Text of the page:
Entertainment

Copenhagen

by Adam Brinklow
EDGE Media Network Contributor
Tuesday May 14, 2013
Michael K. Cassidy, Karol Stremke, and Robert Ernst in the Indra’s Net Theatre production of Michael Frayn’s ’Copenhagen’
Michael K. Cassidy, Karol Stremke, and Robert Ernst in the Indra’s Net Theatre production of Michael Frayn’s ’Copenhagen’   (Source:Irene Young)

First things first, to be there on opening night of the very first production by the Bay Area's newest theater company, Indra's Net, was certainly a treat. If you want to catch the show, do it soon before the cast and crew lose that "new car smell."

Bruce Coughran's latest enterprise surely doesn't aim small by starting out with Michael Frayn's "Copenhagen," a show so cerebral and intense that by the time it's over you might feel as though you're qualified to add some kind of honorary degree to your resume. You won't be, but you'll still feel like it.

Based on real events, "Copenhagen" opens in Nazi-occupied Denmark, where the greatest German physicist (Werner Heisenberg, here played by Michael Kern Cassidy) and the greatest Danish physicist (Niels Bohr, played by Robert Ernst) of the age have a mysterious rendezvous, both risking their lives and freedom even though neither seem to know why.

The pair are old friends and colleagues but now are divided by the war, and each suspects the other of secretly furnishing plans for nuclear weaponry to their respective sides despite. A melange of intrigue, espionage, high emotion, wartime politics and, yes, quantum physics ensues.

"Copenhagen" isn't an evening of light theater. It's a show for people who want intense, focused, weighty character drama. James Lipton has dreams about such shows and wakes up aroused. It's even hard to categorize: It's not quite a thriller, and it's not entirely a mystery and it's certainly not a political drama, but if it sat at a table full of each of those and stayed very still it could probably blend in with the crowd. Whatever it is, it's for people who want to be blown away by high-octane acting and a story that deals in nothing less than the fate of the world in a concrete and historical sense.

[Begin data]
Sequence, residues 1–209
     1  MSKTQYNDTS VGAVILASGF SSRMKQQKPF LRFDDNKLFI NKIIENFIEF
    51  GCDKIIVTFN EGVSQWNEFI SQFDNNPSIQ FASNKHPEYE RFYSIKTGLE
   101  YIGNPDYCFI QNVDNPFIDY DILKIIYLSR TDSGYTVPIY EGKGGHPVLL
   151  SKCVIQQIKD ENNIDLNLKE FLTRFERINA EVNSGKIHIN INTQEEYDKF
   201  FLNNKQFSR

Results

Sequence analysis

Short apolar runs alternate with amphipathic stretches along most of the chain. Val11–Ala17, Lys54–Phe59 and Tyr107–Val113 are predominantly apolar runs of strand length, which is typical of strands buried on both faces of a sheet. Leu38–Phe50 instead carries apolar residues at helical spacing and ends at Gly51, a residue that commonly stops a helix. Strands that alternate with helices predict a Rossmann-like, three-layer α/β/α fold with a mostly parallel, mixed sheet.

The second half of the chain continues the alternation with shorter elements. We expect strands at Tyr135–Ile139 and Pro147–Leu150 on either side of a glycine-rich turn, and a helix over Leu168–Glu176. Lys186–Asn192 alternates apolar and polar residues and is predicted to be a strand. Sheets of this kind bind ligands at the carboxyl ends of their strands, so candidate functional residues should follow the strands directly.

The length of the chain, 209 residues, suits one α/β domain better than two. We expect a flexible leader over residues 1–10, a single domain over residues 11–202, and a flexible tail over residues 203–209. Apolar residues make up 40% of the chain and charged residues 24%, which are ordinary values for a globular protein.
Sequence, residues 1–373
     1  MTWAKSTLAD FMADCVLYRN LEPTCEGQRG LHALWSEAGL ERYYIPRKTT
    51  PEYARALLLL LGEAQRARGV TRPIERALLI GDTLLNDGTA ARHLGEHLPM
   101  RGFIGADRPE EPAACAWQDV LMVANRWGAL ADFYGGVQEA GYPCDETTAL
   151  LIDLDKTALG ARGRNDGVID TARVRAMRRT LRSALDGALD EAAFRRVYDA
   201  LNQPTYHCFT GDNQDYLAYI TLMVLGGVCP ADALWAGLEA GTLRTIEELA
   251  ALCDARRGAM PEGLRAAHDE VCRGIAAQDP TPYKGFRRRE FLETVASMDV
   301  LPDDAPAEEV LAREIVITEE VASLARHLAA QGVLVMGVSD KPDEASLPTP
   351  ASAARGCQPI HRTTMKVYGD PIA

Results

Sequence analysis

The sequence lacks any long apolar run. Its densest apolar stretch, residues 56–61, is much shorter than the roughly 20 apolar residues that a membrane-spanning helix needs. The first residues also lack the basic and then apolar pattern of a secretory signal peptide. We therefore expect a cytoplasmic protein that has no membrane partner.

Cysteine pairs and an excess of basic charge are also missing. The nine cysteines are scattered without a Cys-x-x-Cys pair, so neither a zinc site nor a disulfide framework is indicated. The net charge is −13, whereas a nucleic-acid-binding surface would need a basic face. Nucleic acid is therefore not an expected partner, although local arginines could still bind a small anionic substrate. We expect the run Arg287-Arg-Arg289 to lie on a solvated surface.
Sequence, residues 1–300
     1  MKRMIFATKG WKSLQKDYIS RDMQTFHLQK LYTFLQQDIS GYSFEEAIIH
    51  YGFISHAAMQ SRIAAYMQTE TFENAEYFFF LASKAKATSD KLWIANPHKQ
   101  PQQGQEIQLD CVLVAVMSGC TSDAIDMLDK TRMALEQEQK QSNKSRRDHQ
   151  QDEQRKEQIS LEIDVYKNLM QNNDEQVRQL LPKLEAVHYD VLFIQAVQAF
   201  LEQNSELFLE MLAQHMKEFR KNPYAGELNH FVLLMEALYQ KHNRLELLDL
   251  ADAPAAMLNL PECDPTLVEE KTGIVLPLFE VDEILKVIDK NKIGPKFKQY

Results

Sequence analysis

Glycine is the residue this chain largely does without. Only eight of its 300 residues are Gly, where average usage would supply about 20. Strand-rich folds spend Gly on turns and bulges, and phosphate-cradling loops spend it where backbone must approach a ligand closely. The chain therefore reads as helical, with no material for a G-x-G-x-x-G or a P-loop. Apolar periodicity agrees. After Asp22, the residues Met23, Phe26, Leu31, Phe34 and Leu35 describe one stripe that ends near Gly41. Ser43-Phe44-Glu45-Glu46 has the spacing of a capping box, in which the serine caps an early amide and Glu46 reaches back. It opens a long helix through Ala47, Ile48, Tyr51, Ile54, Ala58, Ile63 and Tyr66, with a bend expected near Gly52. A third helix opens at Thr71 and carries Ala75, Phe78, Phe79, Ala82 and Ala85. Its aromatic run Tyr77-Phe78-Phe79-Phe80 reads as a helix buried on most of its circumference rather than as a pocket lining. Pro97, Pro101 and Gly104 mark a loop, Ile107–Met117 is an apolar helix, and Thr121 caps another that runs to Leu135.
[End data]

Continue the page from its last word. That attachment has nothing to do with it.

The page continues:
On paper the play almost feels like too much for a cast of mere mortals to handle. Michael Kern Cassidy's steely but fragile Heisenberg serves as lynchpin for this Indra's Net production. Cassidy looks and speaks like an unlikely alloy of Michael Fassbender and Neil Patrick Harris. His precision delivery makes every little thing he says seem laden with unarticulated hazard.

It’s not quite a thriller and it’s not entirely a mystery and it’s certainly not a political drama, but if it sat at a table full of each of those and stayed very still it could probably blend in with the crowd.

But he has a compelling vulnerability too, as if he might come apart at the seams if he deviates from his mode for too many seconds in a row. The other players have nothing for which to apologize, certainly, but Cassidy's performance is on a whole other level; at some point it almost stops seeming real. He freaked us out...but in a good way.

Set designer Lili Smith pulled together a sumptuously Spartan stage area of black space and printed screens for the actors to work in. Director Bruce Coughran must have had his hands full helping the actors manage the many layers of their roles as they address themselves, each other, and the audience, sometimes all at once, but the show never breaks down or seems muddled.

The production does have one glaring (or perhaps blaring) Achilles heel in Theodore Hulsker's sound design, which rather than immersing the audience just distracts us and sometimes drowns out the actors even in the small space of the Osher Studio. It got to the point where we wanted to turn around and tell the tech booth, "Please, let Dr. Heisenberg finish speaking!"

...but that sort of thing is frowned on in most polite settings.

And to be frank, as tremendously talented as the performers are it seems they needed more rehearsal, as they stepped on each other's lines with notable frequency. Maybe it was just opening night jitters? Well, it's forgivable. Nobody demands perfection; just the next best thing. And "Copenhagen" delivers.

"Copenhagen" runs through May 26 at the Osher Studios, 2055 Center St. in Berkeley. For info or tickets, visit indrasnetheater.com

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